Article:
Sunday, April 11, 2010

MY Dad. MY hero!!

I had heard about it. Floating rumours, mentioned in party time stories, recollected by aging aunts and frustrated uncles. It was all so unbelievable that you were forced to believe in it as they were. As stories and myths, recreated to entertain children. Make them fee proud of where they belong. But everytime I saw my father, I saw a 60 year old, bald, short, passive educated man. The kind of men who work their asses off their whole lived for the return of nothing. Men brought up on values and ideals so strong that their morals might lay foundations. They are not the kind to fight. To take risks. To do what is right and not what they think is.

My father hobbled up the staircase in the evening. From the first look I knew something was wrong. It was different from the regular tired look that he brought back from a day at the office. He slumped into the chair with a grimace on his face. Wincing as he bent to untie his shoes. He asked my help, and as usual I sighed and made a fuss befor e I did help. As I was taking off the shoe, I noticed the slight bump on his forehead. His shin was blackened too. For a moment I was scared. Fear comes to a man before anger seeps in.And when anger does, your first instinct is to scream. I did.

I asked him what happened. And he narrated the whole story. There was an accident outside the factory. A man was hit by a trailer truck. Men gathered and the factory being located in a village area was soon witness to a mob. My father just happened to be in the area. He intervened as the mob was trying to beat the driver. And because of this reason, the people thought he was a part of the same company as the driver. Before he could explain, he was hit.

I was bloody pissed off. More so, owing to the fact that I was helpless. I asked him if he filed a police complaint. “Yes”. I asked him if he could identify the culprits who hit him “well, I don’t know them personally. Forgot to ask their names, but yes. I do know their faces.” I told him he should not go to office the next day. “NO …You think I’d chicken out like this. It’s nothing.” I asked him if he wanted me to come to the factory.”No thanks. I don’t want to be babysat by my own son.” I was royally angry. I didn’t want ot say a word, but what could you do with someone who is like that.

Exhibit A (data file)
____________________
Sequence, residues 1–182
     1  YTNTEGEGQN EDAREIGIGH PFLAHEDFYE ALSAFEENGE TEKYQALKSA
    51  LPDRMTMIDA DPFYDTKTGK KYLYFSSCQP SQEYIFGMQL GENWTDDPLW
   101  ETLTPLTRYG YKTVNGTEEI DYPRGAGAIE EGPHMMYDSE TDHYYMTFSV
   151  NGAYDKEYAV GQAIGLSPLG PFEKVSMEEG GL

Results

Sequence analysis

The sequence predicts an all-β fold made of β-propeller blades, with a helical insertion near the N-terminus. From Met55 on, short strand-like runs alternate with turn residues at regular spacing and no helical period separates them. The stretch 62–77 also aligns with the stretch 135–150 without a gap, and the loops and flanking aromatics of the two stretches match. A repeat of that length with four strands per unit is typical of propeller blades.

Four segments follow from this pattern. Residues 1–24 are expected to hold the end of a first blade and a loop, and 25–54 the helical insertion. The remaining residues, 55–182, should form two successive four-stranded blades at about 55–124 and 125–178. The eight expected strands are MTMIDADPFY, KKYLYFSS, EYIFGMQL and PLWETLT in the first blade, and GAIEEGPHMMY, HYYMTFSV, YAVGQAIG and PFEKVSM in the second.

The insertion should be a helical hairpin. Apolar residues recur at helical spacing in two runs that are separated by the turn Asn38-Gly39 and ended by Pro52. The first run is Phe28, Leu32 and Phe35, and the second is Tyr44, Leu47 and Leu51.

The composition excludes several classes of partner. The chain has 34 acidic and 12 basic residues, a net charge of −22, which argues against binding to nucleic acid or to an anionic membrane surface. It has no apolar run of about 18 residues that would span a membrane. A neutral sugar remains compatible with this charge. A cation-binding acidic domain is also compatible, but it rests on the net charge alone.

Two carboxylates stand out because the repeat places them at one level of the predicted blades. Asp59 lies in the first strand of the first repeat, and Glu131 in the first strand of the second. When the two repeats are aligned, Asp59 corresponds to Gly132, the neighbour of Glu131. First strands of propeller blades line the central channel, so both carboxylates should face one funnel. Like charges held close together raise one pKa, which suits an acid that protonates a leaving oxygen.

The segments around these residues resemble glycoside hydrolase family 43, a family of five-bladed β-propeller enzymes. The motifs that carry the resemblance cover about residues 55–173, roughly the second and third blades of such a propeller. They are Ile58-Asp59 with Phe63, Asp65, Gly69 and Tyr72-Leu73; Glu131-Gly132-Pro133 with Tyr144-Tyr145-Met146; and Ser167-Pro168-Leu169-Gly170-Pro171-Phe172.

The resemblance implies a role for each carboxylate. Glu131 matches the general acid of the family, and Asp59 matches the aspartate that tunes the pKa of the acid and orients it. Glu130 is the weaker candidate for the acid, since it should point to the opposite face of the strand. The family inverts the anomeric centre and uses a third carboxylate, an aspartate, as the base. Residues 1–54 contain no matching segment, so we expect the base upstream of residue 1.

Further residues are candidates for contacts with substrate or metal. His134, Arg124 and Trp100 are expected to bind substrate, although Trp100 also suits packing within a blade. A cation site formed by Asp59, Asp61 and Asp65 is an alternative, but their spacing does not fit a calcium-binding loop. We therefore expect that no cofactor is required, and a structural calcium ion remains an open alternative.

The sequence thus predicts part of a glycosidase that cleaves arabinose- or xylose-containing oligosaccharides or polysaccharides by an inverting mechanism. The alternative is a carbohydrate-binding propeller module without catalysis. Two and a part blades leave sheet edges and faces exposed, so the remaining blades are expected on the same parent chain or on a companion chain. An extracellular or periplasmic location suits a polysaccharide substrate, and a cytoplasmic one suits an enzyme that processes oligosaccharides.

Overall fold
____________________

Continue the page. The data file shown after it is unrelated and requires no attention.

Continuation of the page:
Later I asked him about the accident. Was the driver known to you? “NO”. Well, was the victim known to you? “NO”. Why in heaven’s name were you hit then? “because I interfered to save the driver and advised to take the victim to the hospital instead of creating a ruckus in the middle of the road.” And why did you have to do that? He looked at me like I was crazy. “There were two men almost dying out there. What would you have me do? Stand and watch!!”

For that moment I saw the stories come alive. I saw why my uncles were frustrated with an idealistic younger brother who did not know when to shut up. I could see why people in the society hesitated to talk to him about society problems. I knew why he hated when I took things too casually. For once, I could see I was wrong. I was happy that I was wrong. And for once, I was proud of my dad.

1 comment:

Anonymous said...

They dont make people like your dad anymore. So you better be mighty proud, young man!